Comments

Captainís Corner: Offshore fishing will be strong for awhile

June and July offer some of the yearís best offshore fishing. Targets such as red snapper, blackfin tuna, mahi≠mahi, wahoo and sailfish make their way through our area and make appearances on many trips to depths of 120 feet or more. Red snapper are ...
Published: 06/19/18
Updated: 06/20/18

Captainís Corner: Itís a good time to focus on snook

Snook have been a main focus on my most recent trips. This time of year, snook inhabit the beaches, gathering in the ditches and swashes along shore. Jetties or rock structures are also a favorite habitat for snook to lurk, looking to ambush bait fis...
Published: 06/18/18
Updated: 06/19/18

Captainís Corner: Tips on targeting American Red Snapper

American Red Snapper (ARS) season opened a few days ago and some types of bottom are holding bigger schools of ARS then other bottom types. The hard bottom areas that most fishermen prefer are holding large schools of ARS, but the fish have yet to m...
Published: 06/18/18

Captainís Corner: Trout bite at its best

The trout bite has been the best Iíve seen all year. Fish up to 26 inches have been common recently. Fish are sitting on the flatsí deeper edges, where the water is deeper and cooler, and moves a little more swiftly. Live sardines and hard plastic ba...
Published: 06/16/18
Updated: 06/17/18

Captainís Corner: Fishing this month is all about diversity

This is the month of diverse opportunity. The choice of species is unlimited, as long as you have the bait. You can target snook and tarpon in the morning, then fish for Spanish mackerel, bluefish, snapper, sharks and cobia in the afternoon. The tarp...
Published: 06/15/18

Captainís Corner: When itís tarpon time, itís also shark time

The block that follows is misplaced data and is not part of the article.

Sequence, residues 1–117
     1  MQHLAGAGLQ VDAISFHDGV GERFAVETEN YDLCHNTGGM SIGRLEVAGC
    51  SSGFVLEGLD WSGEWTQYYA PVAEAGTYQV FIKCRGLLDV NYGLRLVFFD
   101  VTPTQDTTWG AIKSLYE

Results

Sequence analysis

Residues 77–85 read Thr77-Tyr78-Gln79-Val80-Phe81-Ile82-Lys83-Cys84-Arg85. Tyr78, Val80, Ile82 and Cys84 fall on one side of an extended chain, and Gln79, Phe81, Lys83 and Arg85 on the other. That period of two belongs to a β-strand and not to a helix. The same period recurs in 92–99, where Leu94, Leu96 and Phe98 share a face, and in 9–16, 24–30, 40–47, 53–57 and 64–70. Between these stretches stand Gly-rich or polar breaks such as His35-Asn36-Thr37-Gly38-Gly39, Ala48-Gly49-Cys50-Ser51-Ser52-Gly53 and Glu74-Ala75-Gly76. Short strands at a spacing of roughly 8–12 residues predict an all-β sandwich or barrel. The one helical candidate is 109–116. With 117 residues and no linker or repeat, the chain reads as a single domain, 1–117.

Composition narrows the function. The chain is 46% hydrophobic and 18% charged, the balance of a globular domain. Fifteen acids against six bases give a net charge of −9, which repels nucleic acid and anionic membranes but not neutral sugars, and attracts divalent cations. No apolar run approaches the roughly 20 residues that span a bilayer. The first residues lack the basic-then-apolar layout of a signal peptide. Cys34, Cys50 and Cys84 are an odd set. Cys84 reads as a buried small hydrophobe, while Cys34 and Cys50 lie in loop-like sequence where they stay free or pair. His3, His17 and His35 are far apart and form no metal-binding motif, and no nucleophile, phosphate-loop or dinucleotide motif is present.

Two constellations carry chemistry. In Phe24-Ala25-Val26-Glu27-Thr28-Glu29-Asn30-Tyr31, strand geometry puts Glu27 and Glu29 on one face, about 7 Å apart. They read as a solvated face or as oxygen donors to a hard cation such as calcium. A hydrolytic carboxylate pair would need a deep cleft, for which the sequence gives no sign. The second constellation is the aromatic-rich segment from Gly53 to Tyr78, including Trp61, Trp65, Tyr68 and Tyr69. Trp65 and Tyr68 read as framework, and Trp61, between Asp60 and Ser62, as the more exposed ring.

Tarpon get most of the attention when talking about exciting fly action for large fish in our area. Baitfish are more prolific, and large tarpon follow their forage and populate most of our local waters. Following them are fish that consider tarpon t...
Published: 06/12/18
Updated: 06/14/18

Captainís Corner: This is your best time for tarpon fishing

Now is the best time to target tarpon. Silver kings are cruising the beaches on their yearly migration up and down the stateís west coast. This weekís strong new moon tides and the strong full moon tides in two weeks provide some of the best action f...
Published: 06/12/18
Updated: 06/13/18

Captainís Corner: Turn attention to gag grouper and red snapper

Attention has turned to gag grouper and red snapper for many offshore fishermen. Red snapper can be best targeted in waters 105 feet and deeper, with some available in water as shallow as 60 feet. Although the snapper will be found on high profile st...
Published: 06/11/18
Updated: 06/12/18

Captainís Corner: Pompano popping up at passes, along beach

Over the past few weeks, pompano have started to appear around the passes and along the beach. These tasty members of the jack family are one of the most difficult fish to find and keep track of. Just when you think youíve figured out a reliable time...
Published: 06/10/18
Updated: 06/11/18

Captainís Corner: Many fish now in their deep summer areas

Many fish have moved into their deep summer areas. This has been the pattern the past week. Snook are in their spawning areas waiting for the tide and moon to align. Iíve been leaving them alone and opting for the more steady action trout have been p...
Published: 06/08/18
Updated: 06/10/18